Originally Posted by delany
Currently if a cell goes over the end of a page, Pages moves the entire cell to the next page. As far as I know there is no way of splitting the cell. If a single cell gets bigger than an entire page, you simply lose the text at the bottom. This pretty much rules out Pages for things like specifications or issue lists where you have tables of items where one cell in each row has a lot of text in.
I see what you mean. I wonder if using text box objects isn't a possible solution.
I meant section numbering. While it's possible to do it to a degree with the List Styles, it's not flexible enough to do section numbering for a full business document with nested, numbered sections. (Having said that, the section numbering is one of the most frustrating should-have-been-fixed-years-ago parts of Word - but you can do it if you're careful.)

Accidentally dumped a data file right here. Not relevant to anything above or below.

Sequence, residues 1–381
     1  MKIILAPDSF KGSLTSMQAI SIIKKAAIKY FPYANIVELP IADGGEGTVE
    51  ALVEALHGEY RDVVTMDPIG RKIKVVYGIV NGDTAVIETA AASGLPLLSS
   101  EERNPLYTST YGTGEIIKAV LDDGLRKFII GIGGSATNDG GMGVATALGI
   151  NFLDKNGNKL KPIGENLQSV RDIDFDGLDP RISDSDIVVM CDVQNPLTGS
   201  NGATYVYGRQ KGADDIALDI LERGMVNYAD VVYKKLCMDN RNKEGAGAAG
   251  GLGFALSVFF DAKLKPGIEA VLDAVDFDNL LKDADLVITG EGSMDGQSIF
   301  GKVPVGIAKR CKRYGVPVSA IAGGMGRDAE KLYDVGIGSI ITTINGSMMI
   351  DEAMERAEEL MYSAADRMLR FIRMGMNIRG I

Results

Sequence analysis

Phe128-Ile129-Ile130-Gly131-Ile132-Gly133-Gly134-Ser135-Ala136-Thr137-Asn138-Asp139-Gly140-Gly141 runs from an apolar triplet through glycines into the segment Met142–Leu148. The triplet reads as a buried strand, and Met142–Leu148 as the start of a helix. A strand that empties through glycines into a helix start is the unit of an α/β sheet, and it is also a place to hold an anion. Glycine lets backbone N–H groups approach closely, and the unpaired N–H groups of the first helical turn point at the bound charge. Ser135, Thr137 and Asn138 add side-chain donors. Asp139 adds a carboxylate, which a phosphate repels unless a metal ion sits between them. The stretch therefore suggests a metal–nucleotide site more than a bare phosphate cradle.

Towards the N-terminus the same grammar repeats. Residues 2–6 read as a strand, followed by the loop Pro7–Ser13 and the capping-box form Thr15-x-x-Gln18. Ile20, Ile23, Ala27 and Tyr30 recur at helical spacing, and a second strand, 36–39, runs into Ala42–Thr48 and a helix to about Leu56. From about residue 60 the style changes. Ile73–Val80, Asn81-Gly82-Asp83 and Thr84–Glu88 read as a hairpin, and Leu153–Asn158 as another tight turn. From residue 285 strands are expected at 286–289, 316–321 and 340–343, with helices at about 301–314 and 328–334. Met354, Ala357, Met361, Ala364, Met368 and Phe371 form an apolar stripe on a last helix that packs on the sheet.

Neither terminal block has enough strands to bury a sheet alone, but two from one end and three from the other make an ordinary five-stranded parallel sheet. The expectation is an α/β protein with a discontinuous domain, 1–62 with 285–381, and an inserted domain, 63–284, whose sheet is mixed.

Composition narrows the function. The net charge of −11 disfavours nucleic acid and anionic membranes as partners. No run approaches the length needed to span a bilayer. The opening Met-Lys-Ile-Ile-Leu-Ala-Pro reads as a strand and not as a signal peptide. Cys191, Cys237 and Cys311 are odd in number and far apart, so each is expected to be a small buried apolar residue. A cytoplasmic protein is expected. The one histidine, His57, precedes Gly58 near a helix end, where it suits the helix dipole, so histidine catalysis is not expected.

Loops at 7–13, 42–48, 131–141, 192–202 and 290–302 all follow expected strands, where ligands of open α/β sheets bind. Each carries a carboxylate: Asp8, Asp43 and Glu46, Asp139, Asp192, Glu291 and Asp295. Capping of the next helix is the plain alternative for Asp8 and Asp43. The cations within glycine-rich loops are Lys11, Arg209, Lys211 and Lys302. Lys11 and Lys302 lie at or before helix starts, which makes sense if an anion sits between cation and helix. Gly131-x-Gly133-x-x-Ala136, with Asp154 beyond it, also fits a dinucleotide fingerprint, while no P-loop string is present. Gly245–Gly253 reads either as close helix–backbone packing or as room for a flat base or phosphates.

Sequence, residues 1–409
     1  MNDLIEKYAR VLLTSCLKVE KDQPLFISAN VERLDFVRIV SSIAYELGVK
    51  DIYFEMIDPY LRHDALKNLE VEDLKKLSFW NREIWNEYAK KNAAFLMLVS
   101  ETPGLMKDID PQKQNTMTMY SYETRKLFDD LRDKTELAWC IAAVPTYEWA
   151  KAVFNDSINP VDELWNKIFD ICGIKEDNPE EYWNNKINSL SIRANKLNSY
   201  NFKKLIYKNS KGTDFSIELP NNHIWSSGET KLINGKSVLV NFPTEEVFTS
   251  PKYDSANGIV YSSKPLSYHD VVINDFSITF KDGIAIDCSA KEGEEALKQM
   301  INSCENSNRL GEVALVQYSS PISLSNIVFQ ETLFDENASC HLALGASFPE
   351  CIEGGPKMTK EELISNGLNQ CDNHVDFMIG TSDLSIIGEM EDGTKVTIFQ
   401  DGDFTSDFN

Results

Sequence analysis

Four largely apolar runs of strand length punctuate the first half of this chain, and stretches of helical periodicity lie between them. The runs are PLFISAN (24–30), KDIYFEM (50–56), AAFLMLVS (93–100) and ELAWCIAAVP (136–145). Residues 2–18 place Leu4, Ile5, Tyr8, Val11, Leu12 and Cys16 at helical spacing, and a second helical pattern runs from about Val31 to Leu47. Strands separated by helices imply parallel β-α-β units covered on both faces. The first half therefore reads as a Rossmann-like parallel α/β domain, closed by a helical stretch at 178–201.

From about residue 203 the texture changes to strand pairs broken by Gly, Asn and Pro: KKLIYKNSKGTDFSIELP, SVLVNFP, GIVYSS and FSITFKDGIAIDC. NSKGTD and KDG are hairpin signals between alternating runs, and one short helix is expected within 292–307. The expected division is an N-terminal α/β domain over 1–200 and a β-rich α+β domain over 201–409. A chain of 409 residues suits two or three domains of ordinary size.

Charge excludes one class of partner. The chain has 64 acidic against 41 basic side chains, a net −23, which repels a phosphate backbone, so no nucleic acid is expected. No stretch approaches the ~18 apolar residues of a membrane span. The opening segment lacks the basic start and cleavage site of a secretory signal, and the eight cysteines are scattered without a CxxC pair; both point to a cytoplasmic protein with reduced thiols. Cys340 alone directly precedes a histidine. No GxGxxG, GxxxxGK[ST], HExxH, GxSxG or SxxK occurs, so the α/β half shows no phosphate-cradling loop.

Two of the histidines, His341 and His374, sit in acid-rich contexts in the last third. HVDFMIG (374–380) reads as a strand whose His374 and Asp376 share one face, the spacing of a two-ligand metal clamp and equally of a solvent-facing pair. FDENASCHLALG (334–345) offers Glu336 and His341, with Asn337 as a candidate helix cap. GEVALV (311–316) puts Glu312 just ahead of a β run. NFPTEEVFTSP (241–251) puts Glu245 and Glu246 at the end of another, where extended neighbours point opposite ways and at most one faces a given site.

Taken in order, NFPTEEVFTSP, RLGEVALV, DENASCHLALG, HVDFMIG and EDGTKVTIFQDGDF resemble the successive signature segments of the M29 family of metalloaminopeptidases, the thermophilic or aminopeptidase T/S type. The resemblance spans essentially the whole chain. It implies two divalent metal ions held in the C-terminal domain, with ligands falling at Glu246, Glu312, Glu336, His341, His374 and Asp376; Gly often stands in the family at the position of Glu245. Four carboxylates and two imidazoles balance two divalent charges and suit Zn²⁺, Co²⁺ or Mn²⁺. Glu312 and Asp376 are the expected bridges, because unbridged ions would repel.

That reminds me that versioning isn't available in Pages. It's a feature I feel I can work around, but is probably a deal breaker for a lot of businesses.
I think this can work in Pages, but I can't say I've tried too hard. Auto-numbering even in its simplest form has always seemed fragile to me, and requires constant vigilance to make sure that the numbering remains accurate (a single line with the wrong style assigned can screw it up). If I have to go back and check everything anyway, I'd just as soon do it manually.
While I'm at it, I think Apple's implementation of tables of contents needs some work. The biggest problem is that the TOC doesn't update until you click on it. That's an easy thing to miss. A potential gotcha.
I guess - though Word is hardly the best way to go if your work is formula-based.
Interesting. That seems quite an advanced feature relative to other missing things.
I also think these are both advanced features, which while I grant they might be important to a small subset of users, isn't a good reason for most people to rule out using Pages. The largest real barrier to switching over is getting used to Apple's very different approach. I think it's a breath of fresh air, but it makes some people feel insecure.